Joe Hockey’s awkward mistake

Written By komlim puldel on Selasa, 10 Februari 2015 | 20.01

With Tony Abbott feeling the pressure to step aside from the top job, does Joe Hockey feel the same way. Courtesy: 7:30 Report

Joe Hockey isn't going anywhere yet. Source: News Corp Australia

JOE Hockey is determined to keep his job as Treasurer. He made that pretty clear tonight.

"I'm not a quitter. I'm not a quitter. I have never been a quitter. And I'm not going to quit when it comes to the best interests of the nation," Mr Hockey told Leigh Sales on 7.30, a day after Prime Minister Tony Abbott was interviewed on the program.

MORE: The question Tony just couldn't answer

"I am the best person to do the job. And I'm calling it as I see it. There is no easy solution, there is no silver bullet, there is no easy path. Either we reduce our spending in order to live within our means, or we have to increase taxes, which at the end of the day, costs people their jobs.

"We are endeavouring to encourage the Labor Party and the Labor-controlled Senate to come to the table to negotiate."

That last statement has led to a steady stream of criticism on social media, from people who reckon Labor actually doesn't control the Senate.

So, did our Treasurer bungle the maths?

There are 76 senators, which means the government needs 39 votes to pass legislation through the upper house. The Coalition has 33 senators, followed by Labor with 25, the Greens with 10, the Palmer United Party with two and other minor parties with three. There are also three Independents.

Obviously, the Coalition has more votes than Labor, so Mr Hockey isn't being entirely honest when he says the Senate is "Labor-controlled".

That doesn't mean the government's task is easy though. Together, Labor and the Greens command 35 votes which will, more often than not, attempt to block legislation. The Coalition is left to negotiate with such reasonable personalities as David Leyonhjelm and Jacqui Lambie.

Joe Hockey. He's not for turning. Source: ABC

Mr Hockey has copped a large share of the blame for the government's poor performance in the polls, with commentators and colleagues suggesting last year's Budget was sold — and perhaps even designed — badly.

In the lead-up to Monday's Liberal spill motion, which was defeated by 61 votes to 39, it was widely assumed Mr Hockey would lose his job if Mr Abbott lost his. There were also rumours that Mr Abbott could install Malcolm Turnbull as Treasurer to appease the malcontents in his party room.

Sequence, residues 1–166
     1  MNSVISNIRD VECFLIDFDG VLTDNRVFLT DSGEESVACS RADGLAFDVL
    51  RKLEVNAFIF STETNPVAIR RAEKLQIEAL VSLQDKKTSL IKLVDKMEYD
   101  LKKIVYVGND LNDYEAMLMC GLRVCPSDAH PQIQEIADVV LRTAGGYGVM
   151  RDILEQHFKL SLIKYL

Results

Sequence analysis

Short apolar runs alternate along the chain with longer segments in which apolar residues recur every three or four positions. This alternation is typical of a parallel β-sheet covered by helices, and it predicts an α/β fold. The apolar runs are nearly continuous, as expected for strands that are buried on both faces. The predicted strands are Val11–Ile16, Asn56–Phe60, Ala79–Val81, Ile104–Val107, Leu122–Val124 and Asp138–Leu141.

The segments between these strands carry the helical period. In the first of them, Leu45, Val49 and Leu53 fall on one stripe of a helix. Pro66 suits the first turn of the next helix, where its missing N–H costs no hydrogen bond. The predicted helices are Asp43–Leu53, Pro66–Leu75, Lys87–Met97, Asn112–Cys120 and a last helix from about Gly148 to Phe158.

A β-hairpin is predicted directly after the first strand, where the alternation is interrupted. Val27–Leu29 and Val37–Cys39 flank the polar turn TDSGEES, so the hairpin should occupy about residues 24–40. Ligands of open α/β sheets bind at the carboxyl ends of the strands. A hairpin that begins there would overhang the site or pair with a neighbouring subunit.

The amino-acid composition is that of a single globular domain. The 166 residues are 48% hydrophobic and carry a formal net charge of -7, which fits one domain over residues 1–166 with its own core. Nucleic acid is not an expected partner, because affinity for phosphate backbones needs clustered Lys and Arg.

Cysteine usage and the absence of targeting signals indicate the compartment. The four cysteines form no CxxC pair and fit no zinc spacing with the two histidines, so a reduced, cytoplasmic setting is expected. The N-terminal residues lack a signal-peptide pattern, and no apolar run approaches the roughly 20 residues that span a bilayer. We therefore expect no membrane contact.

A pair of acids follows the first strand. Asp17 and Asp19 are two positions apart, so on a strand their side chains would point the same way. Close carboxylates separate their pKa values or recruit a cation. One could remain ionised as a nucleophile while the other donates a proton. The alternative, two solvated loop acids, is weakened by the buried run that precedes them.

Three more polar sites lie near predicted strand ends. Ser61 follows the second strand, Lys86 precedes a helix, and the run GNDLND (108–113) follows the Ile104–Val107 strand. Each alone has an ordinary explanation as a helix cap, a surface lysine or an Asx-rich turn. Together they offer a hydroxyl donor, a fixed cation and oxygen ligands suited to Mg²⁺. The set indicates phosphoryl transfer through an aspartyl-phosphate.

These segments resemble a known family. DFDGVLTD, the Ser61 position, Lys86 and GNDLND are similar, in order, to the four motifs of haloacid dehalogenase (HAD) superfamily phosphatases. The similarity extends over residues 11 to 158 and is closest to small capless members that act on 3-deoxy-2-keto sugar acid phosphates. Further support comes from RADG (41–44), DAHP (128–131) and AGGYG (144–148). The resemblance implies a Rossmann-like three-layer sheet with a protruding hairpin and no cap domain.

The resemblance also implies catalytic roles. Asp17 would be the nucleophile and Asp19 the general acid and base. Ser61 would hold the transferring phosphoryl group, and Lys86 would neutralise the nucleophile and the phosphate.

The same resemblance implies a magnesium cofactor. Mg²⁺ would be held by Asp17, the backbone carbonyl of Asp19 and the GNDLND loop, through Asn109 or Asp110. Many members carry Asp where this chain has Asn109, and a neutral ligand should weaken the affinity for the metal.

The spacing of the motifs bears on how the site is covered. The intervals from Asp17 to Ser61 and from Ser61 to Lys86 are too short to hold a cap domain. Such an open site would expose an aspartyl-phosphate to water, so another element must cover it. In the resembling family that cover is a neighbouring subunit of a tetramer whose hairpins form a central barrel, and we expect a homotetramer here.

None of that happened, so Mr Hockey will get to deliver his second Budget in May. The Treasurer's interview tonight gave us a glimpse of what that Budget will entail.

Leigh Sales was armed with more tough questions. Source: ABC

For a start, Mr Hockey echoed his Prime Minister's recent emphasis on child care as a core issue for the government.

"It is hugely important that we get child care right," he said, insisting that a boost in child care spending would not run contrary to his focus on fiscal discipline.

"We're spending a lot of money on it," he said. "We have no choice, because if we do not get more people into work and give them flexible and affordable child care, you're going to see more and more women drop out of the workforce.

"There's things that we have to spend the money on. I think Australians understand that, where we have no choice and it actually strengthens our nation.

"Government is not inert. You do get these challenges that come along, you have to find the money to pay for them. Whenever we have new spending, we have to find savings to pay for it."

So, we can expect child care to be a prominent theme in the Budget.

Joe Hockey in Parliament, surrounded by people who definitely don't want him to be kicked out of his job. Source: Getty Images

Beyond that, Mr Hockey indicated the controversial GP co-payment will not be scrapped.

"I think it's actually fair that we all make a contribution, as high income people, to our own health care," he said.

"Anyone who is a pensioner, anyone with a Health Care Card, children, they do not pay a dollar."

The Treasurer also stuck to his previous rhetoric regarding debt and deficits, suggesting that whatever the government does, it will continue to cut spending.

"We are at a tipping point for the nation, Leigh. We cannot continue to go on borrowing $100m a day as a government just to pay our daily bills," Mr Hockey said.

"I'm not going to pass the buck to future generations to pay for my quality of life today.

"This is a tipping point for Australia. If we think we're just going to get economic growth and everything will be as it was in the early part of this century, it's not.

"We are doing what is hard, not popular at times, but we are doing what is right as well."

Warren Truss isn't asleep. No. Never. Just resting his eyes. Source: Getty Images


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